Bahrain is a crucial test of Washington’s ability to balance the need for political reform with long-standing strategic interests and military partnerships.
Lebanon remains vulnerable to the Syrian conflict. Although the country has avoided major upheaval so far, the state is weak, sectarian tensions are high, and political coalitions are divided along pro and anti-regime lines.
As the crisis in Mali threatens to grow into a full-fledged regional security and humanitarian nightmare, nervous neighboring countries are looking to Algeria to lead a conflict management effort.
For Libya to secure its largely ungoverned borders it must disentangle the web of economic and local interests that fuel insecurity.
The growing instability in Libya’s eastern province is best addressed in the near term by an effective constitution and the institutionalization of the security sector.
State complicity with organized crime is at the heart of instability in the Sahel and Sahara region, fomenting conflict and fueling the rise of al-Qaeda.
Egypt must undertake a number of fundamental and difficult reforms to improve its overburdened, underperforming public university system.
With the rise of Islamists across the Arab world, there is a possibility that the new parties in power will update education curricula to reflect conservative Islamic beliefs.
Egypt's civilian authorities are trying to wrest control from a military institution that has been the mainstay of authoritarian power for decades and no less than the fate of Egypt’s transition is at stake.
A lasting renaissance of the Tunisian media requires vigilance on the part of the media community itself, and an awareness of its role as the barometer of the country’s new democracy.
Independent trade unions remain the strongest nationally organized force confronting the autocratic tendencies of the old order. If they can solidify and expand their gains, they could be an important force leading Egypt toward a more democratic future.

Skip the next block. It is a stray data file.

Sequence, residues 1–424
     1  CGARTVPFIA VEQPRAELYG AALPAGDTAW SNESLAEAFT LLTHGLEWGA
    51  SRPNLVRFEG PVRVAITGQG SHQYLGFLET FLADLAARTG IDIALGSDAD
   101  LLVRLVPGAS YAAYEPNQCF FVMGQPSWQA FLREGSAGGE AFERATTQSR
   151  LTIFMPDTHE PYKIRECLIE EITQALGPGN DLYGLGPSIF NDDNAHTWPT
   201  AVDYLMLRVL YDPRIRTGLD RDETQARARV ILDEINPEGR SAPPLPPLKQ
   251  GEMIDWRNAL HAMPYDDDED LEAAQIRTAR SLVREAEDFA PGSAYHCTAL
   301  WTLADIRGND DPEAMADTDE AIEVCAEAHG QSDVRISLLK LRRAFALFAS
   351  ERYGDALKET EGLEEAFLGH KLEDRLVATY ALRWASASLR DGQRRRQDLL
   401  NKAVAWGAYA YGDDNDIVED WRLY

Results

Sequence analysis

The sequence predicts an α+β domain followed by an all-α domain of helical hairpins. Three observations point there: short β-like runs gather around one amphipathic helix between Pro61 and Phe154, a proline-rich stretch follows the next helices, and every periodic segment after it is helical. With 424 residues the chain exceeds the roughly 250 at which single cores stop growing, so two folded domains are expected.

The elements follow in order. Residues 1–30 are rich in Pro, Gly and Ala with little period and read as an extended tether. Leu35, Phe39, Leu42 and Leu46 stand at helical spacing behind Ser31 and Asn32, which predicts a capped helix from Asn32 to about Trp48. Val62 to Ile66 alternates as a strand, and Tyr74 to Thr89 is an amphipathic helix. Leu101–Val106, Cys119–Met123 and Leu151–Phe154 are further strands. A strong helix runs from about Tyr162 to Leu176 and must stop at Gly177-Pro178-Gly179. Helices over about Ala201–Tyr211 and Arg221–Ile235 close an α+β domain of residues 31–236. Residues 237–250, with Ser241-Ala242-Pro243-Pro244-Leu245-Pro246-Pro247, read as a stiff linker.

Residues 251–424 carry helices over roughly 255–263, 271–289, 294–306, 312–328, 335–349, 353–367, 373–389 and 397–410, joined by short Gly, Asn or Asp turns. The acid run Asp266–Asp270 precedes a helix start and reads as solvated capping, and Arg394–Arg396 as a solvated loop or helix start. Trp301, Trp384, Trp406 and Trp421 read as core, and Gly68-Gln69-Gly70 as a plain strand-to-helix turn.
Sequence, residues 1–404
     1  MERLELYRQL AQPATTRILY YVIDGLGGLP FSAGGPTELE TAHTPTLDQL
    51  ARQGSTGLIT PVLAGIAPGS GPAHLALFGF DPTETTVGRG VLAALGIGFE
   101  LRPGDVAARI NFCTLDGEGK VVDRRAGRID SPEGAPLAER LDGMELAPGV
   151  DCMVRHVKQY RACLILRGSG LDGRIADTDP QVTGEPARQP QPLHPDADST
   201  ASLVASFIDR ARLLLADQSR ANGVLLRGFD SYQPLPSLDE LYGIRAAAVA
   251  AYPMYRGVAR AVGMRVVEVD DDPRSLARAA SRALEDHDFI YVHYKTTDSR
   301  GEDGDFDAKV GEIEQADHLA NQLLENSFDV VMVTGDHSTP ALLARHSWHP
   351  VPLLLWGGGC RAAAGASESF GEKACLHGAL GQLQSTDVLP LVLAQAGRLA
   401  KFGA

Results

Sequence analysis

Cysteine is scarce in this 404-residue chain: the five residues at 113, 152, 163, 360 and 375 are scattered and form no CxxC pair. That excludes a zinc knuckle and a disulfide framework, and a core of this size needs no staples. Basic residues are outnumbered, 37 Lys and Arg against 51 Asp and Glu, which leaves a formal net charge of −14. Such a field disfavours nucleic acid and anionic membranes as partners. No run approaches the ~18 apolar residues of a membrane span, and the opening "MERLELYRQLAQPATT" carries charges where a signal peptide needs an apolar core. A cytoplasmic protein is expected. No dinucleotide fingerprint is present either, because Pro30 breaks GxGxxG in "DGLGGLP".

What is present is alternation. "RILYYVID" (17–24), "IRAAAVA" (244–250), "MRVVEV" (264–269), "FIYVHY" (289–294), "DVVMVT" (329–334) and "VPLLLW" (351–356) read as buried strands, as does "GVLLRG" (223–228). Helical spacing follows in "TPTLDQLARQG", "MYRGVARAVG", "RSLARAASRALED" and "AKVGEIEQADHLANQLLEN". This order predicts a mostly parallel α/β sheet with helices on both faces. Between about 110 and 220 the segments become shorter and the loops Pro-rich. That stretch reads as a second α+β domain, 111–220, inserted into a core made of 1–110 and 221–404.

More than a year after the outbreak of the uprising against Muammar Qaddafi’s rule, Libya is in the midst of a challenging transition, struggling without state institutions to manage the transition, security services to keep the peace, and sufficient national unity.
In both the West Bank and Gaza, a soft authoritarianism that has provoked uprisings elsewhere has only been further entrenching itself.
The economic platforms of Islamist parties have largely been overlooked, despite the serious challenges that lie ahead for the economies of the Arab world.
The failure of efforts thus far to bring peace to greater Sudan does not bode well for the chances of avoiding new conflict.
Promoting good governance and reinforcing the state’s capacity is critical to improving economic conditions and building people’s trust in Mauritania’s national institutions.
Tribal governance and conflict resolution traditions will play a part in helping to ease tensions and mitigate conflicts that will arise as Yemen moves toward political transition.
A capable and legitimate state is even more essential to Yemen’s economic future than the presence of natural resources.
Morocco’s friends in the West, especially the United States and France, must pressure Rabat to expedite a significant devolution of power to the Western Sahara to limit the threat of instability.
Islamists in Mauritania, an important political force, are not currently a threat to the United States as the mainstream of the movement appears committed to democracy and unlikely to take power.